Wednesday, 20 May 2015


The rare sighting of an iPad in the wild as it were.
It's an iPad mini by the looks of it. 

Goodhour, Synapse Circuit Readers! It’s so wonderful to see you as always! I hope that all is well with you! I also hope that you are taking on some tech projects and challenging yourselves! Don’t worry... ...the iClone 6 Pro review is coming very soon... Oooh, yeah!

You may or may not have heard or read that tablet sales are sliding across the board iOS, Android and Windows. Here’s an insight into why this is happening...

#Tablets #AndroidTablets #iPad #iPadMini #WindowsRT #WindowsSurface


Above: The state of the iPad... Filling up CEX shops with no buyers.

The iPad is no doubt a wonderfully crafted tablet and therefore it is really outstanding in the field of tablets. Not only is the iPad and mini great to the look and touch the applications are to be reckoned with! Let’s recap as to why the iPad and mini sales are on the decline:-

1. Too expensive; if the iPad was an expenditure that would last at least 3 to 5 years it wouldn’t be so bad but it is renewed every year and twice in 2013 if I am not mistaken. So, Apple users are better off with a Macbook Air.

2. The Lightning connection to my mind came as another nail in the iPad coffin. Overnight many iPad peripherals were made obsolete. Charming!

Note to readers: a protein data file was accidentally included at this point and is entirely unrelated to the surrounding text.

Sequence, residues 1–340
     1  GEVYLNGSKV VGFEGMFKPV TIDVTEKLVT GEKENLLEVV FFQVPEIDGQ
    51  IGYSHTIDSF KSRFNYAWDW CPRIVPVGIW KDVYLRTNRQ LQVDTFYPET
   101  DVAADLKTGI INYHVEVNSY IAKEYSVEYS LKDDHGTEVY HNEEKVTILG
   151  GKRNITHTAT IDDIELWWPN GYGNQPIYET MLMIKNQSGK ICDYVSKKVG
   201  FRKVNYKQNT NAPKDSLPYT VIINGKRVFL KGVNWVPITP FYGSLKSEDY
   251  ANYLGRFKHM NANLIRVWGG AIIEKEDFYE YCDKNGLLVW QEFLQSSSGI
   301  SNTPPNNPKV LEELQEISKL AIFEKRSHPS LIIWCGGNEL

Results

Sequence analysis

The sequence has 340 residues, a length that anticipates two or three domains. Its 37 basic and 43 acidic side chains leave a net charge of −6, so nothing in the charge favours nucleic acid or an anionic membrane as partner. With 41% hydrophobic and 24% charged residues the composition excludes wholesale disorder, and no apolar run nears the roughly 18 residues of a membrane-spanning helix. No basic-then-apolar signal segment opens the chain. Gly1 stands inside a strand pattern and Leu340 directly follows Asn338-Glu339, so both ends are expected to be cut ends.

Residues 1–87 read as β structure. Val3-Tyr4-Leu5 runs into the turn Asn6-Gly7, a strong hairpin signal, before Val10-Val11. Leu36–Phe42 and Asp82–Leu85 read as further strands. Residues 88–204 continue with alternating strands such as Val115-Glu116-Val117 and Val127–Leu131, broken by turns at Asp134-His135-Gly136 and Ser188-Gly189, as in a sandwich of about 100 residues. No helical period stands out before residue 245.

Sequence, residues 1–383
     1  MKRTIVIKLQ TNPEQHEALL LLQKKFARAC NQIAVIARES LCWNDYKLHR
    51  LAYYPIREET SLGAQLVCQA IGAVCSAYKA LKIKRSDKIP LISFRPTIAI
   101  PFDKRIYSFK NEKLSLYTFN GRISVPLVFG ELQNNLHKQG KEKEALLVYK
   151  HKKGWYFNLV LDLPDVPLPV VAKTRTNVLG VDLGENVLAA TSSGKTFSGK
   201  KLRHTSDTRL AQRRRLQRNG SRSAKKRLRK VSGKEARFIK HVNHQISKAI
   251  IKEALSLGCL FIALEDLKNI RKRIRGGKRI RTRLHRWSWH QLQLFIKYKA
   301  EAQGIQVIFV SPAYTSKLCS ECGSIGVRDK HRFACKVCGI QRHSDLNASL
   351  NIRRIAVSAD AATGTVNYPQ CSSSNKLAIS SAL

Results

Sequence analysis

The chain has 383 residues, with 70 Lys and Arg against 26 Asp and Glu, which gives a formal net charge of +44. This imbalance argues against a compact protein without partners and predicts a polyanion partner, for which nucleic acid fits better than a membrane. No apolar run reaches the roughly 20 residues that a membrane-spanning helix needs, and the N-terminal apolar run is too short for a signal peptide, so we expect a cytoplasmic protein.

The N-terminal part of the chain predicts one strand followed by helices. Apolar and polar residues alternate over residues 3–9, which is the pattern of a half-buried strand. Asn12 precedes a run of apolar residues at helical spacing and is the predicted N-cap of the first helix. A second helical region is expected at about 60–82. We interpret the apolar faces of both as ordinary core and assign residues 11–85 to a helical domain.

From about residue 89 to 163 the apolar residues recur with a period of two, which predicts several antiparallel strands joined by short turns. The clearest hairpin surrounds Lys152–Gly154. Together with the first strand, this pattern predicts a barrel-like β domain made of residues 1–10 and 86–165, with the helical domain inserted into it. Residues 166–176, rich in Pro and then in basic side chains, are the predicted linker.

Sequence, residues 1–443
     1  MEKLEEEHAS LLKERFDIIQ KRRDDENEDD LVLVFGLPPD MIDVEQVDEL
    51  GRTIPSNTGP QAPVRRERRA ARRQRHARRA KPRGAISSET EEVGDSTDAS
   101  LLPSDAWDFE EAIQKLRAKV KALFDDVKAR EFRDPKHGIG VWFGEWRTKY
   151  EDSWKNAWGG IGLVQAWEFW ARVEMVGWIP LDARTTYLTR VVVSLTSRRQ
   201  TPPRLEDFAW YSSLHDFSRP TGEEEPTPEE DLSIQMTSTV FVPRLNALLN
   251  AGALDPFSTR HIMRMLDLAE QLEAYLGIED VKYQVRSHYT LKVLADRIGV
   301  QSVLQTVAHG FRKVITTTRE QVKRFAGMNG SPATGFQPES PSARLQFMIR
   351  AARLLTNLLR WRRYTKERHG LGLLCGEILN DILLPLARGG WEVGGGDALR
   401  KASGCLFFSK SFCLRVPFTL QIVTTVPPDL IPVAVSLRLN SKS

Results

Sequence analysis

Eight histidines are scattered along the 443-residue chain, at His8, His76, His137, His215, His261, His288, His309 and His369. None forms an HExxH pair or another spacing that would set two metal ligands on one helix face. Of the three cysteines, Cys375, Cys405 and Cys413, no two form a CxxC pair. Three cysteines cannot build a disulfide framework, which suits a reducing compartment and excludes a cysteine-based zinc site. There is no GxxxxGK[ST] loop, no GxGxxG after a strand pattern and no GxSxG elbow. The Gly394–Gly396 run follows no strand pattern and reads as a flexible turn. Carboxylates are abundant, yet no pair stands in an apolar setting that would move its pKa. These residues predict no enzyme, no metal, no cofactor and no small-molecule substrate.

3. The advent of the iPad mini meant that the standard 10” model was compromised somewhat.

4. Finally, the iPhone 6 Plus rendered the both iPad models dead in the water!

Above: Another computer exchange store in Central London unable to shift second hand iPads.

Still, if I were an Apple user I would want to pick up an iPad second hand! But even in second hand / computer exchange stores the iPad is still priced uncompetitive. Maybe – just maybe the cost of the second hand iPad will come down greatly when the computer exchange shops can’t shift them.

Yes, Microsoft botched up the first wave of Windows tablets with the Titanic-like Windows RT operating system that hit a few icebergs... However, Microsoft did pick up the slack and came back with the Surface! The Surface is truly outstanding and very desirable since it uses the full Windows operating system which means no silly apps but fully functioning software! I want one! Yeah, I know... Who would have thought that I would find myself taking a fancy to the Surface, eh? But here’s a recap as to why Windows tablets are tanking:-

1. Yes, the price is the main killer! As a result many Windows folk would prefer to invest the money into a decent desk or lap top!

2. As mentioned in the first point; the Windows laptop is very compelling as you get a decent processor for the money.

3. The Windows desktop PC is very persuasive still as one can swap out the graphics card or add cards such as a professional soundcard for music making for example. I would rather invest the cost of the Surface into a full on desktop PC for graphic design, video editing and music making!